The Church Looks at Octomom
Catholic Teaching Answers Questions Raised By Celebrated Octuplets
BY Stephen Vincent
March 15-21, 2009 Issue | Posted 3/6/09 at 11:03 AM
WHITTIER, Calif. — When a California single mother of six added eight more in one birth, a cultural obsession was born.
She was a guest on the “Today” show. Talking heads and Hollywood stars debated her decision. Dr. Phil called her to his home.
But what does the Church say?
Despite screaming headlines about “Octomom” that have served to dehumanize or demonize the California mother, Nadya Suleman, the Church teaches that she retains her human dignity, whatever mistakes she made and personality problems she may have. And all of the children she has given birth to — the eight she delivered on Jan. 26 and the six others she had previously birthed through implantation — are fully human and deserving of care and concern.
On the other hand, the Church teaches that the process from the beginning is intrinsically wrong and should never be pursued. In vitro fertilization (IVF), in fact, is a kind of Pandora’s box of bad effects, despite the precious little lives that are produced.
Suleman “was certainly right to refuse a ‘selective reduction,’ in which some of her babies would have been killed in utero,” Robert George, a Princeton professor and coauthor of the book Embryo, told the Register. “However, everything else she and those involved in facilitating her multi-pregnancy did was wrong. Even if one approves of IVF, as I do not, it was crazy to produce and implant eight or more embryos. It is hard to find anyone who defends what was done. It was unconscionably risky for the mother and for the children. This is one case in which the old saying ‘there ought to be a law,’ is literally true. Even if we are going to permit IVF, the law should strictly limit the number of embryos that can be created to the number that can be safely implanted, probably two.”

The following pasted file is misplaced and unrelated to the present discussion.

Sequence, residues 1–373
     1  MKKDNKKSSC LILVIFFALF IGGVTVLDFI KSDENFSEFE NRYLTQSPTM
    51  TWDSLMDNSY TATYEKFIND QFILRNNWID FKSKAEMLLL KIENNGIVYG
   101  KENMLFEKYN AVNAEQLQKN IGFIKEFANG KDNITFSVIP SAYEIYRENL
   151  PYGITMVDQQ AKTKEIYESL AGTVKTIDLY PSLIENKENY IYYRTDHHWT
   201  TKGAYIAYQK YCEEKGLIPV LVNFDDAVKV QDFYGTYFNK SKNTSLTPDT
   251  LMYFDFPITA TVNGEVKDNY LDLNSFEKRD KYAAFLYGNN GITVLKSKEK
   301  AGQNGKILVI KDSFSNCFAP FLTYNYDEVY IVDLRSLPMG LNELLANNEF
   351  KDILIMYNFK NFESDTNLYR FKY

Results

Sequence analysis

Explaining the Church’s balanced stand that in vitro fertilization is wrong but the resulting embryos have intrinsic human value, George said, “This is not to deny that couples who use IVF love their children; nor is it in any way to suggest that they cannot or will not be good parents. … But the Church is called to speak the truth — even when it is a hard truth. And so the Church has no choice but to note the moral defectiveness of certain means that may be employed to achieve the goal of parenthood.”
Dr. Thomas Hilgers, founder of the Pope Paul VI Institute in Omaha, Neb., and developer of NaPro natural methods for the treatment of infertility, said that the doctor who implanted the embryos is guilty of malpractice.
“He never should have subjected this woman to the dangers of a multiple pregnancy, nor the babies,” Hilgers told the Register. “We hear reports that all eight of the babies are doing well, and we certainly pray that they are, but if you check back in five years, you may find some with a disability. This is simply a fact of premature births of this kind.”
The irony, he claimed, is that Suleman “probably doesn’t have an infertility problem to start with. Women don’t get pregnant that easily with IVF — and never before with octuplets. The doctor who did this really engaged in medical malpractice, in my view — even if you are in favor of IVF.”
The Church’s objection to in vitro fertilization is at least two-fold, as most recently outlined in the Vatican instruction Dignitas Personae (The Dignity of the Person), which was released last December. First, the process takes the creation of new human life out of the context of a loving relationship between spouses and places it in the venue of technological manipulation. In this way, the child is treated more as a “product” of science and human intervention than a unique person willed by God.